The British government doesn't understand what the IMF is saying, and doesn't care about what the EU is saying.
Mr. Clark on Tuesday appeared puzzled by the IMF's criticism, saying the U.K.'s program is in line with the fund's view that the deficit should be reduced by about 1% of GDP each year, while the pace of that adjustment can be altered if the economy weakens.
"I think we have shown flexibility," Mr. Clark said. "In terms of [the IMF's] overall view of the importance of fiscal consolidation and the pace that they recommend around the world, we are broadly in line with it…."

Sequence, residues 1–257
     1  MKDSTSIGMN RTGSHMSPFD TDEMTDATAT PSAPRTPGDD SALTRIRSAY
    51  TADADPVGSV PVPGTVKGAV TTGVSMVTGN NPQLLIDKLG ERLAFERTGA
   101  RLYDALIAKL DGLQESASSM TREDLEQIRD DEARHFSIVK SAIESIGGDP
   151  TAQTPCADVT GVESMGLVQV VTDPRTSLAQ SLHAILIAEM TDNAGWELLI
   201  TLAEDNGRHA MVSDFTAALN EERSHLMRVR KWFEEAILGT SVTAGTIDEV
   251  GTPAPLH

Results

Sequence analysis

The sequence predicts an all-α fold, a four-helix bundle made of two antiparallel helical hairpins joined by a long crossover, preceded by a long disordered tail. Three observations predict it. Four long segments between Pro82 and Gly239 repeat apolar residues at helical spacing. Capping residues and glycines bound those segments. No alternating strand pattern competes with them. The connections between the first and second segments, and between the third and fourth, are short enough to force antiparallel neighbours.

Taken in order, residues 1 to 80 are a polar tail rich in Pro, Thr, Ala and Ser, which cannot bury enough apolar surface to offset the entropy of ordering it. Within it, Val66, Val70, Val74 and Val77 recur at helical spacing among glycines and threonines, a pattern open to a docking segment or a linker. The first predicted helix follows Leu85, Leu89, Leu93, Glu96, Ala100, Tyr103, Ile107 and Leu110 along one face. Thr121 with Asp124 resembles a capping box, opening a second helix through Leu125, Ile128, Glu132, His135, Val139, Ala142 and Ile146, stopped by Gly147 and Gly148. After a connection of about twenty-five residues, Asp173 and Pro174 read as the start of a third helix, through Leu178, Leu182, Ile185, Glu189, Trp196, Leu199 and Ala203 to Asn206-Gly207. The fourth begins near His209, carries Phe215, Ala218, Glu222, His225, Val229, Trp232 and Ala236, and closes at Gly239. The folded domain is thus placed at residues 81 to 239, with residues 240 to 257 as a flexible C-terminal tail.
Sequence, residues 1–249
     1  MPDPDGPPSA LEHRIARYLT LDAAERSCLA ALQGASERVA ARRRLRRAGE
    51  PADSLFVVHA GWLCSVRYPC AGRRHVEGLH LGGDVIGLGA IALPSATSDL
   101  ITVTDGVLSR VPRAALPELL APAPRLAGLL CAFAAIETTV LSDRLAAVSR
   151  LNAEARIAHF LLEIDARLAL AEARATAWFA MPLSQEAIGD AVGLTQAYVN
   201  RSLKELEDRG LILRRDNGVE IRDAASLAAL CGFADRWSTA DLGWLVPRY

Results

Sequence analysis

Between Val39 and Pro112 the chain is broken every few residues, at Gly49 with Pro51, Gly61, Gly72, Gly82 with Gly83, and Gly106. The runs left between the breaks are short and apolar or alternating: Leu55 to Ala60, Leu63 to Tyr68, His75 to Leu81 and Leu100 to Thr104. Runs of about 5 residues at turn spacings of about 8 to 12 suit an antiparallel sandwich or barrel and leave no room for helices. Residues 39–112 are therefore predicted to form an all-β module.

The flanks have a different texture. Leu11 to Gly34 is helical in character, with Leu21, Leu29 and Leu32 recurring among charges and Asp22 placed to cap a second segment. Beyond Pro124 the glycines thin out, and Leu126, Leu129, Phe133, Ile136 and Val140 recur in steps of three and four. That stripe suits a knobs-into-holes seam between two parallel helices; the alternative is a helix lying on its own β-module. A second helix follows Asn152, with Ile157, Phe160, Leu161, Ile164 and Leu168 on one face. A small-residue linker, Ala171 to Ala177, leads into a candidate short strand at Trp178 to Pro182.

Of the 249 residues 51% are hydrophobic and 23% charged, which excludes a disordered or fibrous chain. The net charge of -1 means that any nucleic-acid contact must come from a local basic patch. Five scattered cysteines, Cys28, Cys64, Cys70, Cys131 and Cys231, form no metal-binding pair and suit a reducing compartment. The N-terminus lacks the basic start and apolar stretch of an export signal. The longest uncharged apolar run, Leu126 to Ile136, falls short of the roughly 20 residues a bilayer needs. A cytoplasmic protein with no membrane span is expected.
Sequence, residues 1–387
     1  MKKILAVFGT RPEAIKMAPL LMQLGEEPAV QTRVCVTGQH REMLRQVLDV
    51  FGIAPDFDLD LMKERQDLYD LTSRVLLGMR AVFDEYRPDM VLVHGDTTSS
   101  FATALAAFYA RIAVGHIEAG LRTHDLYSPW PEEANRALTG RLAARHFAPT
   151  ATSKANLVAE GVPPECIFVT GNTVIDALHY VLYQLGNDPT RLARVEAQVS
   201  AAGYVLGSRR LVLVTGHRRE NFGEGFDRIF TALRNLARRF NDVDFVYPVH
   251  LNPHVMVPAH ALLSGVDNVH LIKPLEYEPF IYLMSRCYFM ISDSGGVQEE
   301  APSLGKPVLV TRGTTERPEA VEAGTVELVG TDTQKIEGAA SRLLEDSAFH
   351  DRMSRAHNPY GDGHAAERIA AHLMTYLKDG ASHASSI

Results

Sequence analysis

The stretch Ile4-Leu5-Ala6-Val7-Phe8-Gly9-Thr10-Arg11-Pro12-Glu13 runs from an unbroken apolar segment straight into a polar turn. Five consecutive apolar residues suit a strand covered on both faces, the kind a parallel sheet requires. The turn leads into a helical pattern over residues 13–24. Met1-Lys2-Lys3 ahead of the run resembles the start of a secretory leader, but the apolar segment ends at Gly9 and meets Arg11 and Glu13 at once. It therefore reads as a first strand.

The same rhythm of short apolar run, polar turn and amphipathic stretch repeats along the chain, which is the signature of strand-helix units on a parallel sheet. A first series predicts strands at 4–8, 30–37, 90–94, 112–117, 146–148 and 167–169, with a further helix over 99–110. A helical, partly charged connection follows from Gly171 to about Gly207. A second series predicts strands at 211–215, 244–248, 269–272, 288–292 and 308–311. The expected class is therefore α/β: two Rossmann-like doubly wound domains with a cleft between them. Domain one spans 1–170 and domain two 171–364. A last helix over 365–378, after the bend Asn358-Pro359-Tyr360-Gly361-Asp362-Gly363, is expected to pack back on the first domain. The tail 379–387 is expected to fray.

Mr. Clark said that despite these disagreements European officials recognize London's importance to the EU as a whole. Some of the EU's proposals have lacked clarity and precision, he added.
If the U.K. opposes European financial rules, it is because it fears they could imperil the competitiveness of London and the EU as centers of global financial activity at a time when they are facing challenges from up-and-coming rivals in the Middle and Far East, Mr. Clark said.